A couple of weeks ago, I wrote about two services that can offer major benefits to advisers as they prepare for the RDR. Here, I want to look at a service that has been promised for years and in which several organisations have made significant investments but is yet to deliver the value it can certainly offer.
From a product provider or platform operator perspective, this can be a valuable way of improving service to advisers. For advisers, it can significantly reduce the administrative burden of establishing new client arrangements. I am, of course, referring to application tracking.
Tracking can also establish the basis for future electronic services and, implemented correctly, it can supply the policy or contract number for future valuation services as well as the commission expectation for account reconciliation. As such, it should be a key part of establishing an electronic servicing relationship.
Unlike other services such as contract enquiry, where there needed to be widespread market adoption before advisers could start seeing savings to the cost of valuing and aggregating client portfolios, tracking is a service where individual providers can achieve a real commercial advantage over their peers by offering a service that supplies all the information an adviser wants, how and when they want it, while other providers offer only limited information.
Tracking can be implemented in a number of ways. In its simplest form, the provider can make information available from their extranet. Some of the best examples of this approach have involved the provider making their own workflow system accessible to the adviser. Legal & General comes to mind in this regard.
It is, however, far more valuable if the information can be delivered straight to the adviser’s client management system, this being the administration hub from which they will manage their client relationships.
Advisers have been asking for tracking for years but until now the capacity to deliver it did not exist
Both The Exchange and AssureWeb have carried out considerable work with a number of life offices, including Axa, Friends Provident and L&G, to enable the delivery of electronic tracking messages but I have yet to see any of the major client management systems embrace this opportunity.
Given the administration economies they can offer to advisers, this seems strange. Some software suppliers say there is no demand from advisers for tracking, my response is look at the adoption of contract enquiry – a few years ago, message volumes were in tens of thousands, now they are measured in millions.
Advisers have been asking for tracking for years but until now the capacity to deliver it did not exist. Contract enquiry became something of an arms race between the major client management systems as to who could get more providers on board quicker.
I believe there is a strong case for content management system providers to become equally competitive over picking up these valuable services from the portals and I am keen to see which CMS will be the first to come and show me a working service.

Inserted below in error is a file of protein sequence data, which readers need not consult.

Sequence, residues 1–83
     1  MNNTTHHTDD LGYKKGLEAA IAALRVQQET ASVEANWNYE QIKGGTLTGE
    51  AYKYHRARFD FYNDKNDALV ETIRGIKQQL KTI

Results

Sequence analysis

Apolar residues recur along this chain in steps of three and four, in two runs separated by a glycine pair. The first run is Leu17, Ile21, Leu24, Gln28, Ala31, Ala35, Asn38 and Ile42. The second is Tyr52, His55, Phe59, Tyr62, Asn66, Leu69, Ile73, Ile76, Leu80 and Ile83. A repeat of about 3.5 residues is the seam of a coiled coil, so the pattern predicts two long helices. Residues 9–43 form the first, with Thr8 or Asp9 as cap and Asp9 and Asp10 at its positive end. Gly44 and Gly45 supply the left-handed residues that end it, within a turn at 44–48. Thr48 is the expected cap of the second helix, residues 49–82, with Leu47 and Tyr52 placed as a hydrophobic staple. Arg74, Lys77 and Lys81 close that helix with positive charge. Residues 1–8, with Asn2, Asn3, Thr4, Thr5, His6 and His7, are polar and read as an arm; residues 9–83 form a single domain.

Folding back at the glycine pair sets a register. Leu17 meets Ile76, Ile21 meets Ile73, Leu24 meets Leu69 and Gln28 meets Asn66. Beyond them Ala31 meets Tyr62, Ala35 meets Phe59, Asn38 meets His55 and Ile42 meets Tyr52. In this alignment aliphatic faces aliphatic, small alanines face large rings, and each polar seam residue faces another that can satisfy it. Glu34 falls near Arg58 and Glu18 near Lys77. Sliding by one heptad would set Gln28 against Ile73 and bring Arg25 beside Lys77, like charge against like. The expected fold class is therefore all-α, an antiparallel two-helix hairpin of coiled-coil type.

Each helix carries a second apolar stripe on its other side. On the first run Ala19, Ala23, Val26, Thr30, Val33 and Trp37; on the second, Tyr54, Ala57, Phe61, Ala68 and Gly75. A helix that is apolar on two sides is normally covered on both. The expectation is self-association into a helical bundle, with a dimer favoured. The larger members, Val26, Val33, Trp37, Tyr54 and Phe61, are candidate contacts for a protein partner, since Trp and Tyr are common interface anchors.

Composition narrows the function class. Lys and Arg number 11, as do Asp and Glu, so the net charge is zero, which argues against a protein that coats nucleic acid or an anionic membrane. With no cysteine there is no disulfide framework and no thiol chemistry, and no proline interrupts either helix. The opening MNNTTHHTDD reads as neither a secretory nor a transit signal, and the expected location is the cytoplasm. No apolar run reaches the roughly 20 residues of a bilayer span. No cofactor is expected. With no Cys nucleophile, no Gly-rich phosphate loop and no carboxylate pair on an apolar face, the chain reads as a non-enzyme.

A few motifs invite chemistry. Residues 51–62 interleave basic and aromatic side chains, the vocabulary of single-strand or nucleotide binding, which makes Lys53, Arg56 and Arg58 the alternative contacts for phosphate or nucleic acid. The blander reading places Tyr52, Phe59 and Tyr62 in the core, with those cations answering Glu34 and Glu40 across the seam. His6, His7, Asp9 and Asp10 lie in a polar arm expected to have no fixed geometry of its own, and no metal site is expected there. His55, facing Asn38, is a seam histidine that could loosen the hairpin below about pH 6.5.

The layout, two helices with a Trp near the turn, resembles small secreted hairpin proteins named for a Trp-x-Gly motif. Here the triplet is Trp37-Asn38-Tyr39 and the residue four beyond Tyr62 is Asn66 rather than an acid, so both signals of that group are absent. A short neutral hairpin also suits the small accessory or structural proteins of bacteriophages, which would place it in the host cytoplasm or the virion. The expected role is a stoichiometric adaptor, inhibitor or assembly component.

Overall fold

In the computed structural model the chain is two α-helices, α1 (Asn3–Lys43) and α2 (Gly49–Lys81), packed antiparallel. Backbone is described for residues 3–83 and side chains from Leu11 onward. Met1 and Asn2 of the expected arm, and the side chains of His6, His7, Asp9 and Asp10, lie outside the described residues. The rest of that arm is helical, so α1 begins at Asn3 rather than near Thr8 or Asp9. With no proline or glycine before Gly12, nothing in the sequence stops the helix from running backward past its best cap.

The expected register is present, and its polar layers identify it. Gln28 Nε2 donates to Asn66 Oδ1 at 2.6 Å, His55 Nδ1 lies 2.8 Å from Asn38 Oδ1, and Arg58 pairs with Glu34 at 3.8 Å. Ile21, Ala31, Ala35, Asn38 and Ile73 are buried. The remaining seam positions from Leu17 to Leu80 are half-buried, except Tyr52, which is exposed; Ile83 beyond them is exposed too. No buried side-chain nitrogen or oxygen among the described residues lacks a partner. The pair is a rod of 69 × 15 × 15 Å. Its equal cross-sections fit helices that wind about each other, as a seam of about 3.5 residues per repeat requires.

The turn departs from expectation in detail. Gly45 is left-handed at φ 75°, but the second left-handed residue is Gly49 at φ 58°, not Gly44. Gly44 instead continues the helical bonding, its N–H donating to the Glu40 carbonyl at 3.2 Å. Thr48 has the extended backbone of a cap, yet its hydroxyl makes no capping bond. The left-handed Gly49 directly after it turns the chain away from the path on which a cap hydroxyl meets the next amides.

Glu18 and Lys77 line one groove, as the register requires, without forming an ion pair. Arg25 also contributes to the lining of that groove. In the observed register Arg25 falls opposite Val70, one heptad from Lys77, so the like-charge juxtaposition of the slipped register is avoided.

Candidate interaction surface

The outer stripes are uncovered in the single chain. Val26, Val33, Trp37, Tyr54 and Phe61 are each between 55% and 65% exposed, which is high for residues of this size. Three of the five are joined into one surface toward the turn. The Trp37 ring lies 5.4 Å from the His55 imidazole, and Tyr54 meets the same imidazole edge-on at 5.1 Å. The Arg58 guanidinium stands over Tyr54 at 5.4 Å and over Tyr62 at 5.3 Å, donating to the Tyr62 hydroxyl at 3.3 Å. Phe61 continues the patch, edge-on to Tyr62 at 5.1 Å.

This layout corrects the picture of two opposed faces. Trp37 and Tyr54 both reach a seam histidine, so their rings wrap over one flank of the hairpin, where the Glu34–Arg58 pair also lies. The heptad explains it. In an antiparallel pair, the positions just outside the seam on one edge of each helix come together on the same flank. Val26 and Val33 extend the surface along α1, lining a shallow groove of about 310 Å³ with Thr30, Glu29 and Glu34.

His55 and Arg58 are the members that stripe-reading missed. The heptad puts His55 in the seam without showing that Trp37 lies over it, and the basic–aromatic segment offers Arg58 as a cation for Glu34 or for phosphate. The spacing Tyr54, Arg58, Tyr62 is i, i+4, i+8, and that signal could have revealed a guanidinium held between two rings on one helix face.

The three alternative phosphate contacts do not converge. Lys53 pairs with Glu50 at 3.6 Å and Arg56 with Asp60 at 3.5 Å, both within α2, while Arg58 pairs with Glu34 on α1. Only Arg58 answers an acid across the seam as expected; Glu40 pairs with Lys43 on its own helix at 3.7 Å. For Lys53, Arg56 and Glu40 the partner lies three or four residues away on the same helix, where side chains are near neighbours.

It is sometimes assumed that these services can only help in the protection market but tracking can be a valuable service for any product area where the contract establishment is extended beyond simple completion of the necessary documentation. Annuities, pension consolidation, Isa transfer and wrap account establishment or transfer are just a few of the obvious candidates.
I have recently been involved in a number of studies to identify what really makes an attractive tracking service for adviser firms over a range of product types. The IFA market is a heterogeneous community. Different firms work in different ways and it is important to understand what needs to be done to service the various operating models.
If not constructed correctly, a tracking service can cause the level of inbound progress calls to explode but this can be avoided if the right steps are taken.
To build an outstanding tracking service, providers need to go the extra mile and include a number of essential items normally overlooked but, for those that do so, I believe the prize, defined substantially in new business terms, could be considerable.
From an RDR perspective, benefits included recognising the considerable downward pressure on cost, especially hidden administration costs the client will not see in the new world; from an adviser perspective, there is an argument for seeking out those providers which offer a comprehensive tracking service. There is certainly a strong case for saying to clients that the adviser will have to charge more for establishing a plan with a provider that does not have a highly automated tracking system compared with ones that do.
From conversations I am having regularly with major advice firms, service providers and networks, it is clear this will loom large on the list of requirements for any restricted advice arrangements. In some product classes, the lack of such facilities could well be a reason for deselection.
A great tracking service is not going to make an adviser recommend an uncompetitive product or one with poor features but for those organisations that offer competitive quality products it can be the factor that makes an adviser or paraplanner decide to place business with a particular company because they will be easy to deal with, which in turn delivers a better customer experience.
Those life offices, platforms and client management systems who get the correct tracking services in place are putting themselves in a far stronger position to cut costs and offer exceptional service to advisers. That sounds to me like the core requirements for a compelling business case.